# Thread: general solution for differential equations

1. ## general solution for differential equations

Hi I wasn't sure whether to post this in the linear algebra forum or the calculus forum, but it deals with differential equations. I'm having a hard time understanding this one question and how it differs from the normal case. The question is:

Find the general real-valued solution for the system of equations:

$y'_1 = 3y_1 + y_2$

$y'_2 = y_1 + 3y_2$

Now, I know how to solve equations of the form

$y' = 3y + f$

where f is just some function or constant. The confusing part for this problem is that $y_1$ & $y_2$ are in both equations, so you can't just solve each equation outright like you typically would when there is just y and not the y1 and y2.

Once the general equation is known, I know its pretty easy to solve the initial value problem I need to solve after, but I just need help on how to approach the problem.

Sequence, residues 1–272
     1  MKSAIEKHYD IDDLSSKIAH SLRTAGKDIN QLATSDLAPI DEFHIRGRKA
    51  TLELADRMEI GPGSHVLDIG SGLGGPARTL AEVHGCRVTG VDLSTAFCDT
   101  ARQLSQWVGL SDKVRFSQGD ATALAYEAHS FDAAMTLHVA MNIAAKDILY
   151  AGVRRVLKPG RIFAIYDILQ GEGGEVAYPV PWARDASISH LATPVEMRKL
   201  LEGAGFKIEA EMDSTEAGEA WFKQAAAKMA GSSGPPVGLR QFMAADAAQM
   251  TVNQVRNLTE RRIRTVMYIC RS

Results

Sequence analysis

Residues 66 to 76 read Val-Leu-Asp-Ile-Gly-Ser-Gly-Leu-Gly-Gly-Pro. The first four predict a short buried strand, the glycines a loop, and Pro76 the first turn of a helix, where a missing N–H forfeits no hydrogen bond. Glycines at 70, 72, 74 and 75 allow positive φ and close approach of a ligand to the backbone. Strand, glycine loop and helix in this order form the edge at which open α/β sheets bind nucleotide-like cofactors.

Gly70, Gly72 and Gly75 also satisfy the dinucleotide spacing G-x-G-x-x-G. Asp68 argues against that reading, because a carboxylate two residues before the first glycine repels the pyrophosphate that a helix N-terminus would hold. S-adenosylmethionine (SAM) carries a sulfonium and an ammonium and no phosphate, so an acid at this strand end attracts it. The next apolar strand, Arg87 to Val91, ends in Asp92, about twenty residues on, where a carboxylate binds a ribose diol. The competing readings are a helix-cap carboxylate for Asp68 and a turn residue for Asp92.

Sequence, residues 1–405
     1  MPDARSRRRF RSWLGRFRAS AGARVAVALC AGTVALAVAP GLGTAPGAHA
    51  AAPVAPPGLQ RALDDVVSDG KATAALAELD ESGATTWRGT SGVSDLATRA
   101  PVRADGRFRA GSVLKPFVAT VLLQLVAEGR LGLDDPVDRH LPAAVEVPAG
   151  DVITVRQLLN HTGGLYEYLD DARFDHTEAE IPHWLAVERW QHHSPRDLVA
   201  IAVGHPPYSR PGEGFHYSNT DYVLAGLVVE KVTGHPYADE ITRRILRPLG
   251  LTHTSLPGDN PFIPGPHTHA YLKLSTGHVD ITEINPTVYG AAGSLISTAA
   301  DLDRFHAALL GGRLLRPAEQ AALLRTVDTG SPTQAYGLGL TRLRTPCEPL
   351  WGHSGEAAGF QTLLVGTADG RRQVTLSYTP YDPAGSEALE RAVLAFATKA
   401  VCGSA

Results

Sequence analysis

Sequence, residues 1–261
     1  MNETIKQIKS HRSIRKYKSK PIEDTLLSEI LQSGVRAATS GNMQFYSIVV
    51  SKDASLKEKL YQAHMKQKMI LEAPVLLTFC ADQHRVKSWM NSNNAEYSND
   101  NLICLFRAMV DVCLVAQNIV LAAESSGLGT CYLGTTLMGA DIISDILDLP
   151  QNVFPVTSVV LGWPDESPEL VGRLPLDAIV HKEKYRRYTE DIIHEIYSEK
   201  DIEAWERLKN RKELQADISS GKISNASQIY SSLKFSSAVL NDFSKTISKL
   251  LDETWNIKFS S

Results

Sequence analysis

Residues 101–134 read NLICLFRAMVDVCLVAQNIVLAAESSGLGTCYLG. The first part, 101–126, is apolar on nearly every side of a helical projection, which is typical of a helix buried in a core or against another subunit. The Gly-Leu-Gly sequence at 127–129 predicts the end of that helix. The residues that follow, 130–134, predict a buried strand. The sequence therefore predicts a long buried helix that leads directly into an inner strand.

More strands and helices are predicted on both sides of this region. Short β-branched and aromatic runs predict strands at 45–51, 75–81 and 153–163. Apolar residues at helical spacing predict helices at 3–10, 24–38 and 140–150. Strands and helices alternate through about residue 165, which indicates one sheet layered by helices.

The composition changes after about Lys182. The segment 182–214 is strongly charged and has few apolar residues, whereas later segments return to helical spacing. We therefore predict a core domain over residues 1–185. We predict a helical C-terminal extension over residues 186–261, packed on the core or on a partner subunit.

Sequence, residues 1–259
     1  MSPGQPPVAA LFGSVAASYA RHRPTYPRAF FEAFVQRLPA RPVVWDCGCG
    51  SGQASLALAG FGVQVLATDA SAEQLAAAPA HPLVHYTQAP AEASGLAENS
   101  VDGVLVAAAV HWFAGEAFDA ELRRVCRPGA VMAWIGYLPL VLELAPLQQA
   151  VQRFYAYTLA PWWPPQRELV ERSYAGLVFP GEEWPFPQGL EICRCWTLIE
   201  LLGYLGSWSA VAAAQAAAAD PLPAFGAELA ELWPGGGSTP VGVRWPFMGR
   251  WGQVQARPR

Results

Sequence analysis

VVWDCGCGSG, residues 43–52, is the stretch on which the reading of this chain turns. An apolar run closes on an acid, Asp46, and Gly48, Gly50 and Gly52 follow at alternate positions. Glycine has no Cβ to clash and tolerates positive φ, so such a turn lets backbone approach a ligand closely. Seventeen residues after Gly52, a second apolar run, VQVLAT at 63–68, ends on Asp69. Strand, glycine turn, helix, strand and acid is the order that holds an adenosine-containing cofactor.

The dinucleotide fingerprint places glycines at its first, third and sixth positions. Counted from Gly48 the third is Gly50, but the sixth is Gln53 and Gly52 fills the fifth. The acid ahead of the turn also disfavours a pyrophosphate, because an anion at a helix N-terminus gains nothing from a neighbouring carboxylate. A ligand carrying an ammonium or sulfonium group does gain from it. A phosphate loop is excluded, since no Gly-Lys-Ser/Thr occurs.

Am I supposed to somehow substitute to get one equation with all y1 and the other with all y2 or how would I go about doing it? It just seems like a weird problem to me that I've never encountered before.

2. We could write it as:

$x'=2x+y$

$y'=x+3y$

Now, we can find the eigenvalues:

$\begin{bmatrix}3-{\lambda}&1\\1&3-{\lambda}\end{bmatrix}$

${\lambda}^{2}-6{\lambda}+8=0$

${\lambda}=2, \;\ {\lambda}=4$

Now, can you proceed?.

Start by plugging the eigenvalues we just found back in for lambda in the matrix above.

3. Yes, thanks that makes A LOT more sense lol, thank you very much.